This study interprets and interrelates the major political, economic and security developments in Europe – including transatlantic relations – from the end of World War II up until the present time, and looks ahead to how the continent may evolve politically in the future. It weaves all the different strands of European events together into a single picture that gives the reader a deep understanding of the continent, and of its current and future challenges. The first chapters trace European reconstruction and political, economic and security developments – both in the East and in the West – leading up to the dissolution of the Soviet Union in 1991. Later chapters examine the European Union's reform efforts, enlargement, movement to a single currency and emerging security role; the political and economic changes in central and Eastern Europe, including Russia; the break up of Yugoslavia and the wars that ensued; and the North Atlantic Treaty Organisation (NATO)'s enlargement and search for a new mission. Final chapters deal with forces affecting Europe's future, such as terrorism, nationalism, religion, demographic trends and globalisation.
A series of European Union (EU) summits – Amsterdam in 1997, Berlin and Helsinki in 1999, and Nice in 2000 – focused on the need for inner reform of the institution against the prospect of future enlargement and new competences. The general tendency was for increased intergovernmentalism, that is, more power in the hands of the EU's Council of Ministers and greater influence for the European Parliament. The Helsinki Summit decided to accept candidacies of thirteen countries (including Turkey) and to start negotiations with twelve (all but Turkey) on an equal basis. An EU Convention on the Future of Europe was consequently held in 2002 with a mandate to make proposals to governments for a new EU constitution in 2003. This would be necessary also to prepare for the ‘big bang’ enlargement decided at a summit in Copenhagen in December 2002. Thorny questions remained, however, such as how to reform the Common Agricultural Policy and EU finances overall in order to accommodate the many new and less-wealthy member states.
As the European Union (EU) and the North Atlantic Treaty Organisation (NATO) enlarge, prospects for overall economic growth and peace are good, even if tensions both within and without the enlarged circle of EU and NATO member states could cloud the picture, as over Iraq in 2003. Continuing EU and NATO enlargement will mean an eastward shift of Europe's ‘centre of gravity’, with a major role for Germany. An intricate ‘European security architecture’ may preserve peace and co-operation via their multiple activities. Co-operation intensified following the terrorist attacks against the United States on September 11, 2001, leading to a broad anti-terrorism coalition spanning the Atlantic and beyond, and causing Russia to become even more involved in that architecture. Europe will be obliged to tackle, in international as well as European fora, such worldwide threats as terrorism, transnational crime, climate change, missile threats from ‘rogue states’ (also via terrorists), economic instability and democratic malfunctioning. Overall, however, Europe is experiencing a unique period of peace and integration.
At the end of World War II, Germany – formerly the dominant power in continental Europe – found itself under the occupation of the victorious powers: the United States, the Soviet Union, the United Kingdom and France. Although tensions would soon arise between the United States and the Soviet Union – resulting in the division of Europe into two hostile blocs – the new situation also offered a unique opportunity for reconciliation and budding co-operation, especially between Germany and France, whose rivalry had underlain both world wars. The Marshall Plan, launched by the United States in 1948, kick-started economic recovery and co-operation in Western Europe, permitting democracy and a market economy to take hold. In Central and Eastern Europe, however, the Soviet political grip hardened, and communist regimes posing as ‘people's democracies’ were installed, emphasising state ownership of the means of production and central planning of the economy. Europe's two halves grew increasingly apart, and a ‘Cold War’ ensued. The establishment of the North Atlantic Treaty Organisation (NATO) under U.S. leadership in 1949 confirmed this division and extended it to the security field.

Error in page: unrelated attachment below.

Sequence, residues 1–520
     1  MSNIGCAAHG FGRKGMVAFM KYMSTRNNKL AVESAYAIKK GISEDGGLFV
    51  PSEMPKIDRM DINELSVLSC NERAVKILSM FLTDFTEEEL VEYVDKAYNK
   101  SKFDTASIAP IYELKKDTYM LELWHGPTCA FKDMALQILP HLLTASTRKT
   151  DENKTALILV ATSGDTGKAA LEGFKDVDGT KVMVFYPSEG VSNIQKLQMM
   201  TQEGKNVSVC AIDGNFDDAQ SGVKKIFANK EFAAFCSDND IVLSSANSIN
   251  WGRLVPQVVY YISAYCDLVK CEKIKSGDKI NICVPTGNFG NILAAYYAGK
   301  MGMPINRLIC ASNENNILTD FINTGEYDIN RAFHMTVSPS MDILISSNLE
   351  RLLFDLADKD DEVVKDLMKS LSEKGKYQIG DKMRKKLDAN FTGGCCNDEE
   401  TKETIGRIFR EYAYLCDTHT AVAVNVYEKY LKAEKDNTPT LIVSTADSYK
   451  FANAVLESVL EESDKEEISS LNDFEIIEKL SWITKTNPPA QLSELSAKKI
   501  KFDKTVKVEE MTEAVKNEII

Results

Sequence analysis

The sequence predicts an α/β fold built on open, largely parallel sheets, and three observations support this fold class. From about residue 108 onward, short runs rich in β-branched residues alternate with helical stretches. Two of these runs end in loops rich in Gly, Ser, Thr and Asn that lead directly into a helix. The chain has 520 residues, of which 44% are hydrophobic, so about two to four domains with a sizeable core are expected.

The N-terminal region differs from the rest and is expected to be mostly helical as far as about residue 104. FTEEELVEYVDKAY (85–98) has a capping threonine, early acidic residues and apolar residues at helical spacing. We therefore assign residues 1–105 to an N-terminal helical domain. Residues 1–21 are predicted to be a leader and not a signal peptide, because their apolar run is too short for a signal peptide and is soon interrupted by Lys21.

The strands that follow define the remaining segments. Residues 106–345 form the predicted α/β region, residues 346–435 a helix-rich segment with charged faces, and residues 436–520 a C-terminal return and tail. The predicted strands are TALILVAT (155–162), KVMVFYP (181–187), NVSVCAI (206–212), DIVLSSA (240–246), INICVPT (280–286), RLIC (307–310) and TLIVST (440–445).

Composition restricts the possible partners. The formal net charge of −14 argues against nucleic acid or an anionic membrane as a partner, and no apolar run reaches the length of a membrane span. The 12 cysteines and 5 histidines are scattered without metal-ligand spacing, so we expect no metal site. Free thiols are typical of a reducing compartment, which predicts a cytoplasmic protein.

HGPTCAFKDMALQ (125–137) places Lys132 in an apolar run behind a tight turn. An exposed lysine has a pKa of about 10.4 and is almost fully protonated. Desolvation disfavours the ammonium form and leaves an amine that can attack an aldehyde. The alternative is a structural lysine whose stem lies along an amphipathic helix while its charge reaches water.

Reconstruction and reconciliation; confrontation and oppression
Kjell M. Torbiörn
Reconstruction in Western Europe, completed by the early 1950s, led to unbounded optimism about future economic growth and to a strong desire for closer integration. Following the creation of the Council of Europe in 1949 among ten West European countries, six went further in 1951 by founding the European Coal and Steel Community (ECSC). After attempts to set up a European Defence Community and a European Political Community failed in 1954, negotiations between the ‘Six’ (belonging to the overall successful ECSC) in 1957 led to the creation of the European Economic Community. However, West European integration projects and Central and Eastern European adaptation to Soviet communism were overshadowed (and intensified) by pronounced East–West tensions, as expressed in the 1950–3 Korean War, the formal division of Germany into two states with a divided Berlin deep in East German territory and the Soviet Union's rise to nuclear power status together with the United States. Ideology took over from (dormant) nationalism as the prominent geopolitical force, even though tensions were reduced in the mid-1950s following Joseph Stalin's death.